It’s clear from information sources ranging from the agri-taxation review to the CAP reform proposals that farmers are going to face significant external pressures from the EU, from our own government, and perhaps from consumers demanding sustainability, as Ireland struggles in meeting climate change targets.
How this will shape up for the coming decade will significantly affect how farms can operate.
Will the nitrates derogation be removed?
Will farmers be required to spread all slurry using reduced emission spreading equipment?
Will farmers have to devote a percentage of their lands to forestry?
Will basic payment schemes be significantly curtailed or brought to flat payments per hectare, with major uplifts to GLAS/Agri Environmental Scheme budgets?
Will farmers face nitrogen and phosphorous quotas?
Farmers deserve clarity on these questions now in order that they can plan how their businesses are to develop into the future.
As it stands, what clues do we have on the shape of things to come?
The Department of Finance has published a report on tax expenditures incorporating outcomes of certain tax expenditure and tax related reviews completed since October 2017.
Within this report, consideration was given to how effective the 2014 agri-taxation review, and changes in tax policy were, in meeting objectives.
In addition, the report examined how developments such as climate change affect the context in which the recommendations of the 2014 agri-tax review were made.
Various submissions were made for this report by farming bodies and other interested parties.
Ireland has a legally binding target to reduce non-Emission Trading System (ETS) greenhouse gas emissions by 20%, by 2020 (compared to 2005 levels), with this target increasing to 30% by 2030.
Agriculture is the single largest contributor to Ireland’s non-ETS greenhouse gas emissions, and it is projected that agricultural emissions will increase by 4% from current levels, by 2020.
Some helpful ideas in the report on what can be done to incentivise better climate outcomes included allowing farmers to claim 100% write-off against profits for expenditure on equipment of infrastructure designed to reduce overall green house gas (GHG) emissions.
Macra na Feirme suggested in their pre-budget submission that grant scheme could be widened to include infrastructure such as anaerobic digesters and solar panels, and that farmers should be allowed apply for such grants on a collaborative basis, in order to achieve economies of scale.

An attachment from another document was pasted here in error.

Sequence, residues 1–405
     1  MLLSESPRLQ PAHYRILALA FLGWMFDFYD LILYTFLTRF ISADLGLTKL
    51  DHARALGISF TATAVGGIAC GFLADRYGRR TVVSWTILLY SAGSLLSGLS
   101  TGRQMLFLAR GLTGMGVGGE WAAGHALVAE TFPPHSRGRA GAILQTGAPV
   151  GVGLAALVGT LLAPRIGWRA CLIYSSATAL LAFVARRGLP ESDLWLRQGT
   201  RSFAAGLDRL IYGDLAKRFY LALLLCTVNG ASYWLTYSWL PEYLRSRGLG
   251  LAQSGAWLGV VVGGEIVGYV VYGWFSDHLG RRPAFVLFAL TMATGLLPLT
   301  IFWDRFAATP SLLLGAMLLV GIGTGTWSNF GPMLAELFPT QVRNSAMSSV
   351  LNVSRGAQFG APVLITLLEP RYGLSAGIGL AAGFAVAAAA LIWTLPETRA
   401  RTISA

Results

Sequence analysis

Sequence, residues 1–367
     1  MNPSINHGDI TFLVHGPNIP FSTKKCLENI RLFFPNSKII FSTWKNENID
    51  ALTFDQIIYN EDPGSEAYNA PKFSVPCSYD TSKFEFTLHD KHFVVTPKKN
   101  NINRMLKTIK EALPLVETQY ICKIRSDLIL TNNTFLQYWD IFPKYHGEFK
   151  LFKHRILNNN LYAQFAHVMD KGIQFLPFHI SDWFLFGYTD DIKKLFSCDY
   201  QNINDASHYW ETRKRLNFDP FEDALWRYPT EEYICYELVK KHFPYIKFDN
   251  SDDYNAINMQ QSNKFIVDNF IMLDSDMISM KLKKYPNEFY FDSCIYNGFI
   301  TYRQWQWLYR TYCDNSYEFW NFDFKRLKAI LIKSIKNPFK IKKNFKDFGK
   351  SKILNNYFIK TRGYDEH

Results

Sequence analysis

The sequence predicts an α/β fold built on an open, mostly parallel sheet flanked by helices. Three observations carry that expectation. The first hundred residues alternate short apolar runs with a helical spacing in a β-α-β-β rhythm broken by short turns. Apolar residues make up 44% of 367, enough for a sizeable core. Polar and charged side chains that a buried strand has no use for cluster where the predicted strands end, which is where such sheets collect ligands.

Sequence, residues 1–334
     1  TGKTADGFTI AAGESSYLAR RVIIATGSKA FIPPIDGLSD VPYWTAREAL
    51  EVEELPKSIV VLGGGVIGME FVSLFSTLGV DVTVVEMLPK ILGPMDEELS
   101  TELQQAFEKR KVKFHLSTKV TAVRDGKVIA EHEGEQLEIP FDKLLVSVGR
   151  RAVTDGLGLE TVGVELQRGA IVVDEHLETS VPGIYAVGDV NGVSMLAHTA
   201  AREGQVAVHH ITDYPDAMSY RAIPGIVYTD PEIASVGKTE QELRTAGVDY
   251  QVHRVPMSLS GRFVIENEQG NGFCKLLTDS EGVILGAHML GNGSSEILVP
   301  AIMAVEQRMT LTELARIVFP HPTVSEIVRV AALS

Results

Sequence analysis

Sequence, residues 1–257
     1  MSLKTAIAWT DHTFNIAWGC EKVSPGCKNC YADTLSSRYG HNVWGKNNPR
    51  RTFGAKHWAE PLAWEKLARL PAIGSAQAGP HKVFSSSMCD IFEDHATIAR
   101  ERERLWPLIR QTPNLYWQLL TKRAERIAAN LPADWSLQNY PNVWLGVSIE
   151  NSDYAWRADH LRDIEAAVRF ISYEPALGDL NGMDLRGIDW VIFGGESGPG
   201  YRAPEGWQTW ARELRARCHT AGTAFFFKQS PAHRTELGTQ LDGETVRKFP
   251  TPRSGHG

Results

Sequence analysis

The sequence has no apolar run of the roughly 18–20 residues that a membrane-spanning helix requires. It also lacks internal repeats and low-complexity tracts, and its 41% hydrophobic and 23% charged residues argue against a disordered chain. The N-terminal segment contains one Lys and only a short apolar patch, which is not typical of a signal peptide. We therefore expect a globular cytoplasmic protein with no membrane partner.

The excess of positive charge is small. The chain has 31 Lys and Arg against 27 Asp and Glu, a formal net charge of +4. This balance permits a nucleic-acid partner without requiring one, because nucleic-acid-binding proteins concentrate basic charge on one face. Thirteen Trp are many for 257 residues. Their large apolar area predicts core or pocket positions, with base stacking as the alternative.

The IFA recommended funding and tax incentives, including 100% capital allowance for an integrated biomass mobilisation programme.
CAP expert Professor Alan Matthews highlighted the role that taxation can play in influencing behaviour, and called for increased education and awareness of how agricultural practices contribute to greenhouse gas (GHG) emissions, and what can be done to mitigate them.
Professor Matthews is also a member of Ireland’s Climate Advisory Council, which earlier this year suggested that a switch from beef to biomass or forestry could be a win-win of reduction in emissions coupled with increased farm income.
Agriculture Minister Michael Creed earlier this year suggested that forestry “will deliver results, certainly on marginal land, far beyond anything that other enterprises would deliver on those lands”.
In the mix also is the poll of the Irish Citizens assembly which resulted in 89% of its members recommending that there should be a tax on GHG emissions from agriculture, and that there should be rewards to the farmer for land management that sequesters carbon.
An Taisce has highlighted the issue of climate pollution costs attributable to agriculture, and said that if the sector is not made to contribute towards these costs, that in itself is a subsidy to the sector.
Teagasc has suggested a carbon link scheme, whereby the increase in dairy farm livestock unit numbers would be linked to a required balancing increase in additional hectares of forestry, in order to offset the increased emissions from the dairy subsector.
The Irish Tax Institute has highlighted that the EU state aid guidelines for the agricultural sector recognise targeted aid can be given for agri-environmental- climate commitments.
Meanwhile the latest CAP 2020 legislative proposals aim to achieve improved environmental and climate action.
The proposals include mandatory requirements of preserving carbon-rich soils through protection of wetlands and peatlands; an obligatory nutrient management tool to improve water quality, reduce ammonia and nitrous oxide levels; and a change to crop rotation instead of crop diversification.
Farmers would be rewarded in the proposed CAP for going beyond mandatory requirements in relation to agri-environment and/or climate commitments undertaken.
Each member State would be able to develop their own eco-schemes to support and/or incentivise farmers to observe agricultural practices beneficial for the climate and the environment beyond the mandatory requirements.